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The Petrology And Petrophysics Of The Pretty Hill Formation In The Penola Trough, Otway Basin.

Little, Bridget

Degree of Master of Science, 1996

University of South Australia

Abstract

The Pretty Hill Formation is an Early Cretaceous sandstone found in the Penola Trough, in the onshore sector of the Otway Basin, South Australia. The lithology ranges from a sub-litharenite to a feldspathic litharenite. The diagenetic assemblage includes chlorite, laumontite, carbonate and kaolinite. Commercially viable gas reserves have been discovered in the Katnook, Ladbroke Grove and Haselgrove fields.

A characteristic of the resistivity logs in the Pretty Hill Formation is the lack of contrast between the gas bearing and water bearing zones. This problem makes it difficult to quantify gas reserves. It was believed that the complex mineralogy was the cause of the anomalous electrical behaviour. Clays and zeolites are known to be highly conductive and theoretically should have a significant effect on the logs. Chlorite is the most prolific clay but it was found to he relatively non-conductive as well as being present in the gas and water zones thus making it unlikely to be the cause. Laumontite was found to be electrically resistive hence does not cause the lack of contrast in the resistivity logs.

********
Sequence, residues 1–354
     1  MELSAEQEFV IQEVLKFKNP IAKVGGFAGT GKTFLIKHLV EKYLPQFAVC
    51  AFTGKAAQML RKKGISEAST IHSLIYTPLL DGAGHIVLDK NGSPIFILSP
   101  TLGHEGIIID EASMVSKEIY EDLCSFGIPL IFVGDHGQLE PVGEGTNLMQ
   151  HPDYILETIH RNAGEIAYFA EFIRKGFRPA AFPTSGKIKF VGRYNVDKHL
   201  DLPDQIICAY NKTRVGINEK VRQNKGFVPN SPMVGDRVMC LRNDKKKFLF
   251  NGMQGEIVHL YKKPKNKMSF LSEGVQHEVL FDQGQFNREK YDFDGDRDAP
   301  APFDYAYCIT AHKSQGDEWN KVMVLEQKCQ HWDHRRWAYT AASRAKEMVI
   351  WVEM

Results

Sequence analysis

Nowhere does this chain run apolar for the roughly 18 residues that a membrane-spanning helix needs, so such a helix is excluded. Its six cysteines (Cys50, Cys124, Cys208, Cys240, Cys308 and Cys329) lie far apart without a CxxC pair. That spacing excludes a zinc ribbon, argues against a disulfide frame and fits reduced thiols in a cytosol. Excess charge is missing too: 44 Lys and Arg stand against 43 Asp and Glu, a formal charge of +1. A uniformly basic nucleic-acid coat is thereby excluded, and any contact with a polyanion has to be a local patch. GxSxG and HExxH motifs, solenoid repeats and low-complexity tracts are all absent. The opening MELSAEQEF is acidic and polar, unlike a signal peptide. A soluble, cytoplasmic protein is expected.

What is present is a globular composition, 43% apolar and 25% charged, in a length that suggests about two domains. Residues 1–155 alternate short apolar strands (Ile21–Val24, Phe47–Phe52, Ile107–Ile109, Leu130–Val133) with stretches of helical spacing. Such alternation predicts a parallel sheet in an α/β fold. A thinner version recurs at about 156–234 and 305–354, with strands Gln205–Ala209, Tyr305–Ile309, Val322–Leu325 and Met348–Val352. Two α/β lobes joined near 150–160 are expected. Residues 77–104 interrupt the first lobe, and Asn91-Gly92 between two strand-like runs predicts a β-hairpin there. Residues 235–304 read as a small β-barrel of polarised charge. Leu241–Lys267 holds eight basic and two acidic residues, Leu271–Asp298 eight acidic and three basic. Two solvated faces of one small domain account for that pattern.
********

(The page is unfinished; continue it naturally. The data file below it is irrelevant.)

The presence of laumontite was found to the most accurate indicator of the gas water contact. It has been preserved in the water leg only. of the gas producing wells. There are trace concentrations of laumontite in low permeability zones in the gas zone suggesting strongly that there has been dissolution. In non-producing wells such as Laira #1 and Zema #1 laumontite does not appear at the top of the Pretty Hill Formation. This is most likely due to a palaeo gas column having dissolved the laumontite. The onset of laumontite cementation is the palaeo gas-water contact.

A method to measure the electrical properties of the Pretty Hill Formation independently from the resistivity logs was investigated. This involved calculating the Cation Exchange Capacity (CEC) from core plugs using a non-destructive method. This method was found to be inappropriate and was abandoned.


Australian School of Petroleum
THE UNIVERSITY OF ADELAIDE

SA 5005 AUSTRALIA

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